Chitosan-based multi-liposomal complexes: Synthesis, biodegradability and cytotoxicity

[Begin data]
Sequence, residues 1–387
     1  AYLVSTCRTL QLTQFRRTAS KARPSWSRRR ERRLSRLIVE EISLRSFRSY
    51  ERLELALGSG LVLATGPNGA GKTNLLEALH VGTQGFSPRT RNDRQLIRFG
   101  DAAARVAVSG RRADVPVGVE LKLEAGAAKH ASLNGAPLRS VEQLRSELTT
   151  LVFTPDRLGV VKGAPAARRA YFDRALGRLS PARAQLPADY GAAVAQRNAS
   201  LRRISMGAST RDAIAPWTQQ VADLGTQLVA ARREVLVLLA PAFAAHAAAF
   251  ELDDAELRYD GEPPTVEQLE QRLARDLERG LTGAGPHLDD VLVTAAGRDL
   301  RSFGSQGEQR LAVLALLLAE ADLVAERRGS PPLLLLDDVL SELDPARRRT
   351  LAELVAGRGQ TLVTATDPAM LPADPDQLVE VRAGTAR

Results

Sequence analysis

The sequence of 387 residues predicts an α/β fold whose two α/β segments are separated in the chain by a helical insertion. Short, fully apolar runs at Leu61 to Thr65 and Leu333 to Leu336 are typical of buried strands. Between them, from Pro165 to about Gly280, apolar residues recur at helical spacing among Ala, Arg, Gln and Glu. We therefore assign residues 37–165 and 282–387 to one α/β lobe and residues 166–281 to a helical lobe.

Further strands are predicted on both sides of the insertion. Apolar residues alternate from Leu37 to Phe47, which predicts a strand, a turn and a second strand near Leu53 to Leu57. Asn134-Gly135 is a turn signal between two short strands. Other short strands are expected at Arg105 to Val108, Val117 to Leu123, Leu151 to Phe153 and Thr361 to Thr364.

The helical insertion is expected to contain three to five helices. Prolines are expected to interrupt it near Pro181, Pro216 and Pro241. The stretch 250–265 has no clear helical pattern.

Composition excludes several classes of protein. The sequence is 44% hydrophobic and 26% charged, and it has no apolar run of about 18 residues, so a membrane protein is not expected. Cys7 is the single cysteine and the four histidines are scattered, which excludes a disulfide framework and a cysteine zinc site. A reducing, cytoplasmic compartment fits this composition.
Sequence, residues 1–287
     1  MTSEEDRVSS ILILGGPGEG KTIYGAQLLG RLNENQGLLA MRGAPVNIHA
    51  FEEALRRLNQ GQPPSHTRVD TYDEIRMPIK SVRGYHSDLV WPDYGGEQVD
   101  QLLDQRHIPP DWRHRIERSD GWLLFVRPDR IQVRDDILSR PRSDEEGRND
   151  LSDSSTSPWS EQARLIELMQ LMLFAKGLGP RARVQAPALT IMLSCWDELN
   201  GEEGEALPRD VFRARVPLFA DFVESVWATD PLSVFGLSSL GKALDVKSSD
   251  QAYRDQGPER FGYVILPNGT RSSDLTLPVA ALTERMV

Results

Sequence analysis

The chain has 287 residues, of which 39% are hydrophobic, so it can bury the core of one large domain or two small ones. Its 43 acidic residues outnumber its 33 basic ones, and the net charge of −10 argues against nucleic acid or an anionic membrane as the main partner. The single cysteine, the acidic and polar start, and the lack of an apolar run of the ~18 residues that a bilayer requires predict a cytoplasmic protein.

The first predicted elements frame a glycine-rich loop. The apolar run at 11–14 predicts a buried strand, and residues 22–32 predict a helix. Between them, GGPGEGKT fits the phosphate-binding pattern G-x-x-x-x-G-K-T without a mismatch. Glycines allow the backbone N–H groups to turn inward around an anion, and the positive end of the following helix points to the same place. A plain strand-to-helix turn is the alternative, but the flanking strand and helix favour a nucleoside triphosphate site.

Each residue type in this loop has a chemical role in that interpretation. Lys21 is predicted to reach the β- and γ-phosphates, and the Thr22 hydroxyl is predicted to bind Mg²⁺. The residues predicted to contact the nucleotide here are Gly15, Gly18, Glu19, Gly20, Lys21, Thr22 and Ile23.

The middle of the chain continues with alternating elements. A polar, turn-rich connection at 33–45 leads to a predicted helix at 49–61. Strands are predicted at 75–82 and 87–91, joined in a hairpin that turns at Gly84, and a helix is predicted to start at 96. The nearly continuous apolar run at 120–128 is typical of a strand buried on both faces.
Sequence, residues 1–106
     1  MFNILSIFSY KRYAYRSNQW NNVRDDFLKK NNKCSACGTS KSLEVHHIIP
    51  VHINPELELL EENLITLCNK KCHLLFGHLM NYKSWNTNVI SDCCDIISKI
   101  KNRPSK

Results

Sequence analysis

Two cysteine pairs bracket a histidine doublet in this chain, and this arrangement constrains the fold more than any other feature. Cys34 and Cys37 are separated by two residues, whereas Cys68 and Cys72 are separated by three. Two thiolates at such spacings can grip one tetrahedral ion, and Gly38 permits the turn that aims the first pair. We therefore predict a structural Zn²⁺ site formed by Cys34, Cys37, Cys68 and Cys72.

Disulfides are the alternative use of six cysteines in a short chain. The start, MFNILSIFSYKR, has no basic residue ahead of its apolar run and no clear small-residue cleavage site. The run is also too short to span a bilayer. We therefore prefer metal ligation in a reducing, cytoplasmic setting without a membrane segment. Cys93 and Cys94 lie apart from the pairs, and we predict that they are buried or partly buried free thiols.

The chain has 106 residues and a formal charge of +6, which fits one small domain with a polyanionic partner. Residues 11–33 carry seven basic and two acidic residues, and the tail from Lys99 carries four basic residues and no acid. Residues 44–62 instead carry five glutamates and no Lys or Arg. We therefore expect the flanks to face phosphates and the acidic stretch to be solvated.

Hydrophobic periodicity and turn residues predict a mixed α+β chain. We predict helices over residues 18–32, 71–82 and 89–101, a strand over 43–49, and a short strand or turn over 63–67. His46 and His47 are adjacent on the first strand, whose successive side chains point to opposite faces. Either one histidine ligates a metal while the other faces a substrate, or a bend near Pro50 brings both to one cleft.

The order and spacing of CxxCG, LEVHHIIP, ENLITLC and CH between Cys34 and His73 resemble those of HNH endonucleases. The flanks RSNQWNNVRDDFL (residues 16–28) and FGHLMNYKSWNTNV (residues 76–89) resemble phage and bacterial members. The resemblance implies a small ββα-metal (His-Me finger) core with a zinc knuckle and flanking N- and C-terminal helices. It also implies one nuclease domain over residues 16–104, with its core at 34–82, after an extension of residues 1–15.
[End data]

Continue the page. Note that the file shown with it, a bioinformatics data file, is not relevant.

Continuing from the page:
Anionic liposomes were electrostatically adsorbed onto the surface of cationic chitosan particles cross-linked by sulfate anions, forming multi-liposomal containers (MLCs) for encapsulation and delivery of bioactive substances. An increase in molecular mass of chitosan from 30 to 300 kDa results in a size increase of chitosan particles, from 200 to 400 nm. Being saturated by liposomes, chitosan particles give MLCs of 320–540 nm. Each chitosan particle carries between 60 and 200 liposomes. The proteolytic complex Morikrase, a mixture of enzymes with various specificities, induces degradation of MLCs down to particles of size 10–15 nm; the higher the molecular mass of chitosan, the slower the enzyme-induced MLCs' degradation. pH variation within 5.5–7and cholesterol incorporation into the liposomalmembrane both have a minor effect on the rate of MLCs' biodegradation. Both the MLCs and the products of their biodegradation show low cytotoxicity. These results are of interest for constructing biodegradable capacious carriers of bioactive substances.